The Gay Marriage Debate: John Mason MSP Interview
On Friday 2 September, the Scottish Government’s Consultation on same-sex marriage was launched. The Skinny caught up with SNP MSP for Glasgow Shettleston, John Mason, to discuss the process
On the day that the Scottish Government’s Consultation on same-sex marriage was launched, a British newspaper ran the headline ‘Scotland First to Have Gay Marriage Imposed,’ on their front page. In reference to that headline, Mason admitted he hadn’t yet seen it but that it was probably misleading. “I don’t think ‘imposed’ is the right word. That’s what a lot of the debate’s been about. Is this just something that’s going to happen and be available to people or will this be something that really everyone has to sign up to? I assume, especially for the churches, that this will be an issue.”
John Mason tabled a motion regarding the same-sex marriage debate, which asked that 'no person or organisation should be forced to be involved in or to approve of same-sex marriage.' After an outcry, Patrick Harvie, Green regional MSP for Glasgow, suggested an amendment to the motion that emphasised the importance of allowing same-sex couples to have equal rights. Harvie has urged the SNP not to get “sidetracked” by Mason’s arguments.
On 31 August, the National Union of Students' LGBT Campaign had a small protest outside Mason’s new constituency office, to coincide with its opening. Mason referred to the protest as ‘very civilised and peaceful’. He went out and spoke to the protesters for a while. Mason expressed a desire, to The Skinny, to have a longer meeting with the group at some point in the future.
Mason worries that one of the side effects of equality legislation like this is that the place of religion in society would be minimised. “Churches should not be forced to be involved in gay marriage,” he says.
Jeff Duncan, a gay rights activist, wrote to every MSP as a response to Mason’s motion asking them to support gay and lesbian Scots. This prompted Bill Walker, SNP MSP for Dunfermline, who supported Mason’s motion, to compare the “pro-homosexual lobby” to the pre-war Nazis.
Tensions are thus running a little high. Walker was unavailable to talk to The Skinny but Mason was happy to explain his stance in a little more depth.
“Within the churches there’s a whole range of views and I know that within the gay community there’s a whole range of views as to how you take things forward and how, well, aggressive people are and that applies to both the Christian lobby groups and the gay lobby groups as well."
While Mason is opposed to the Church and state having too close a relationship, or the Church having an undue influence, he recognises that some members of the Christian community are worried that religious freedoms are being sacrificed in the fight for equality.
He says, “I passionately believe that everyone is of equal value and nobody’s rights should be trumping anyone else’s.”
When the Equality Bill was passed in 2009 Mason made sure that religious freedoms were protected. The changes he helped facilitate meant that religious organisations were exempt from certain aspects of the legislation.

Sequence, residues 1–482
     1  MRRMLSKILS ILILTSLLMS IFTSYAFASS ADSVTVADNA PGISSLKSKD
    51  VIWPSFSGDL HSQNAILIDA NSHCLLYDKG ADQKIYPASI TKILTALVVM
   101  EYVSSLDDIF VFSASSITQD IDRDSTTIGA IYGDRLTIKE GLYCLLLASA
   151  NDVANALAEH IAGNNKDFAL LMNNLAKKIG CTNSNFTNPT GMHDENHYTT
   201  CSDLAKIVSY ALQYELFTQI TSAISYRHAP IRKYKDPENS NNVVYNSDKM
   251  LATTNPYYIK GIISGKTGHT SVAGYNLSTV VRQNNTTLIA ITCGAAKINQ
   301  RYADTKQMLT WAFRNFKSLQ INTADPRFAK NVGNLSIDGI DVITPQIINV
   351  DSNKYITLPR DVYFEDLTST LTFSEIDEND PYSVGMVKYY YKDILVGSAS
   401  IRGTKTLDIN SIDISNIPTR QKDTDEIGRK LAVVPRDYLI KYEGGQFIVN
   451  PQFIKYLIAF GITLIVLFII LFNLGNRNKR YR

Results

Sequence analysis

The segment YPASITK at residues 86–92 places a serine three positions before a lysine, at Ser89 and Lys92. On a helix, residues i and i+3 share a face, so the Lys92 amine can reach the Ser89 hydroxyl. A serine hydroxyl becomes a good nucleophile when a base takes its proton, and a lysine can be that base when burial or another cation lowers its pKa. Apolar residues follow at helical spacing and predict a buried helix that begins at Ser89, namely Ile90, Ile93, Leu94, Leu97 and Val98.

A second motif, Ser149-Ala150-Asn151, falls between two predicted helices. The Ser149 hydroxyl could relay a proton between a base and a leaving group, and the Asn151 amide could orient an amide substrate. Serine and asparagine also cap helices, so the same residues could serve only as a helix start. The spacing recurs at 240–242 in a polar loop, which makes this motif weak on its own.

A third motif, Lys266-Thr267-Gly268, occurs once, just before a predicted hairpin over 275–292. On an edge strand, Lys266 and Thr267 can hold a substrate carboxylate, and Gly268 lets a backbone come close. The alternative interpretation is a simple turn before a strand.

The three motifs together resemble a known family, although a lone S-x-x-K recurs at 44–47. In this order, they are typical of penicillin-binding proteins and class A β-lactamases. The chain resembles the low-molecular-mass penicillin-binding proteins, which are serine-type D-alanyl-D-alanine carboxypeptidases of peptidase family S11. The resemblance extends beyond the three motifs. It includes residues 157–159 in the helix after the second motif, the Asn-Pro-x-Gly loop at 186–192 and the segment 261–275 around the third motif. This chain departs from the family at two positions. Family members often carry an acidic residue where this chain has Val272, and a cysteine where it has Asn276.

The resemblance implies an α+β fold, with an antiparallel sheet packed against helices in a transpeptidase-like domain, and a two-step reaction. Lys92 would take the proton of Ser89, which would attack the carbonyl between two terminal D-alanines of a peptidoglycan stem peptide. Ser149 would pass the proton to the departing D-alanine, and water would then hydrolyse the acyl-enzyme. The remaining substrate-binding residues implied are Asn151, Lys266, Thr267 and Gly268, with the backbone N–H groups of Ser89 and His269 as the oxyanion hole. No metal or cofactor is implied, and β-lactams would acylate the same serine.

One of the contentions surrounding the debate is over whether organisations can refuse to marry a same-sex couple on religious grounds and what would happen if they were to do so. While it’s unlikely that a same-sex couple would want to be married somewhere they clearly were not wanted, as Mason says, “Law that depends on someone’s good will is not good law.”
The problem is that there may be places where there is only one registrar (such as the smaller islands in the North West) and if that person decides to opt out on the basis of religious conscience then in effect a same-sex couple would be unable to get married in their own community. Surely it’s the responsibility of the local registrar to officiate any marriage, whether they “approve” of it or not?
The significance of the approval (or disapproval) of a few local registrars is worth fighting over. There are some religious organisations that want to be able to perform same-sex marriages – the Quakers for instance – and there are some who have been quite clear on their stance against it. At base, some religions do explicitly state that homosexual practise is against the tenets of their faith. As Mason says:
“When it comes to sexual behaviour or activity, that’s when some of the religions do have something to say, as to whether you can have one or more partners, of the same sex or not of the same sex and that sort of thing. I would draw a distinction personally, and a lot of the churches would draw a distinction between sexual orientation and sexual activity.”
The Skinny then asked whether it would be all right if same-sex couples who were celibate married, but Mason did not think that the definition of marriage included those who are celibate. He referred to an unconsummated marriage being grounds for divorce; unfortunately this position does not leave much room for compromise. While Mason says that he himself is “relaxed” about same-sex marriage, the whole conversation raises a lot of questions about how both sides can move forward in this debate.
If you’re interested in exploring this issue further, the consultation document is
available to read and download at this address (www.scotland.gov.uk/
Correction: The protest outside Mr Mason's constituency office on 31 August was organised by the NUS LGBT Campaign and not by the Scottish Youth Parliament (SYP) as originally stated in this article. The article has been amended accordingly